While it was cooling down, we finely cubed the back fat, then blanched it with boiling water through a sieve. This helps the fat to adhere to the emulsion and prevents it from falling out of the slices after the Mortadella is done and sliced.
We took the emulsion out of the fridge, mixed in the peppercorns, finely chopped back fat and pistachios–and we were ready for the UMAi Dry®.
For this recipe, we needed an UMAi Dry® casing with a pretty large diameter. We used the 8 in x 18 inch (200 x 450) UMAi Dry Tenderloin/Large Charcuterie size. We gathered the end of the bag in an accordion pattern and used a zip-tie/cable tie to secure the end closed.
Once the end was secured, we stuffed the meat into the bag using our 5# stuffer doing our very best to avoid air pockets.
Once the meat was stuffed into the UMAi Dry® casing, we pressed out any air left at the top of the bag out and closed it off with another zip tie.
Now it was time for the “legatura”–a special way of the tying of the sausage to support it. The basic principle is that the sausage should be hung supported from the bottom and not hung by the top end, so as not to put stress on the casing. The blanket stitch pattern of tying worked well for us. Here is the Mortadella hanging in the oven:
We then set the oven to 170F or 77C (the lowest temp possible on our oven) and put a roasting pan under the sausage and poured several cups of boiling water into the roasting pan to provide a source of moist heat to the oven.
We let the sausage cook for 8 hours until it reached an internal temperature of 154F or 68C. We used our iGrill thermometer to measure the internal temperature–waiting until the meat had cooked long enough to be solid and past the risk of bursting. The probe should not be inserted into the sausage in the beginning of the cook cycle since the meat is still quite liquid and can leak out. We inserted the probe after 7 hours of cooking:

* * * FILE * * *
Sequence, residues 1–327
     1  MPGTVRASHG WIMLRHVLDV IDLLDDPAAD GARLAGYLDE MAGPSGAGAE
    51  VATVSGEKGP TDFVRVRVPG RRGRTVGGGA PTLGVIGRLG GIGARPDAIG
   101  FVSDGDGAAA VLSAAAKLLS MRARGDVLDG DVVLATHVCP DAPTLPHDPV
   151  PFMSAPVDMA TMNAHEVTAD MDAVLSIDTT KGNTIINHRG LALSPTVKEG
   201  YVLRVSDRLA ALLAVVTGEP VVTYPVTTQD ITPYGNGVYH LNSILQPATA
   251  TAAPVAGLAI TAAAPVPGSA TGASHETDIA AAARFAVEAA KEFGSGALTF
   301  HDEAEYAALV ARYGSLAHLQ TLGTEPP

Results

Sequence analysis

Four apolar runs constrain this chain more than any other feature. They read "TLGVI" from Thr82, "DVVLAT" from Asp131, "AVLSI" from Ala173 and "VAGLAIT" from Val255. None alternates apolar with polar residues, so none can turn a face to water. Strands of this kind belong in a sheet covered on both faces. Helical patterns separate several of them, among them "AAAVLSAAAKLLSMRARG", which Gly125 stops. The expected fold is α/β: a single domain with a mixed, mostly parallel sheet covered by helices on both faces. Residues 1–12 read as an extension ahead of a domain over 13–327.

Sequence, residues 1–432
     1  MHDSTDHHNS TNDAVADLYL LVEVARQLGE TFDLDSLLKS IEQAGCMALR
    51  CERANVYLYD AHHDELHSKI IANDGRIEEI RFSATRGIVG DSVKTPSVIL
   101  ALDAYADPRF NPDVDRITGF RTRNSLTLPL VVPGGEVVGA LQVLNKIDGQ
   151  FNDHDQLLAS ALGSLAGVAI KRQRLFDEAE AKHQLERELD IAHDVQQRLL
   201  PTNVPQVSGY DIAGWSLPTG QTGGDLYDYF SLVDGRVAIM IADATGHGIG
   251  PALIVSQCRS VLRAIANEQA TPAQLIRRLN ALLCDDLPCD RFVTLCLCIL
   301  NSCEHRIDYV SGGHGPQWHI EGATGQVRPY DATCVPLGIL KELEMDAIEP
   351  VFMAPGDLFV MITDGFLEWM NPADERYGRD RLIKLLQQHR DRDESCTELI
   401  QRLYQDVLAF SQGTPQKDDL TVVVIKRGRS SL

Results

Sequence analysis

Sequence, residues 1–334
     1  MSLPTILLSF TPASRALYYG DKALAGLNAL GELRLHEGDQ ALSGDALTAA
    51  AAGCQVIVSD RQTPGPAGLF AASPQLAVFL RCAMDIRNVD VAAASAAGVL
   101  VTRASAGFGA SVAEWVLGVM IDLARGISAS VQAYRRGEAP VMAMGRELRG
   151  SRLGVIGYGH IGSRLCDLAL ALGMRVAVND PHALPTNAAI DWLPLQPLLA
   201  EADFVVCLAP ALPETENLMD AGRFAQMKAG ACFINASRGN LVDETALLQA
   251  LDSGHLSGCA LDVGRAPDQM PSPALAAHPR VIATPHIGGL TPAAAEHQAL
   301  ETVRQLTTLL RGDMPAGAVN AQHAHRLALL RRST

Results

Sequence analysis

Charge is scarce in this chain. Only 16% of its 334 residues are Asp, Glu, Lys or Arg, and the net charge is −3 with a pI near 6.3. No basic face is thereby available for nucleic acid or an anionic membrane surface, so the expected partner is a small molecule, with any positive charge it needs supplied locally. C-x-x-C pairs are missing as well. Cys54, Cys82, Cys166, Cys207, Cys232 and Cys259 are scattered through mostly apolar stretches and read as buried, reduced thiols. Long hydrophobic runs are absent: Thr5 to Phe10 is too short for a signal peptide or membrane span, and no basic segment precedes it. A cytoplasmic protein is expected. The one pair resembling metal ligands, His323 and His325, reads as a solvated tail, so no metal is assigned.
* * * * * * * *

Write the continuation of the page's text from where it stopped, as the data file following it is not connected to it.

The color of the meat was a rosy cherrywood color and the warm, spicy, meaty aroma filled the house (making the dog crazy!). If your only impression of bologna is the pre-sliced plastic floppy frisbee-worthy variety, the aroma of a true mortadella may be beyond what you can imagine.
The UMAi Dry® performed exceptionally well, releasing moisture and while also preventing the product from drying out. We took the Mortadella out of the oven, immediately put it into a pot of cold water for 10 minutes to chill the surface and arrest the rise of the internal temperature.
The final step was to allow the Mortadella to rest in the refrigerator for 24 hours, allowing its internal temperature to drop:
Once chilled, the Mortadella was ready to slice.
We fired up our Chef’s Choice slicer and went to work. The Mortadella rolled off in tender, delectable slices. We needed to retrieve the occasional escaped pistachio, but the end result had the complex aroma of several spices and a flavor uniting the zing of the peppercorns and mellowness imparted by the pistachios and cubes of back fat.
We would show you how tasty it was, if we could! Sharing it with friends and exploding their pre-conceptions about bologna has been a blast. Intense process–but well worth the time and effort.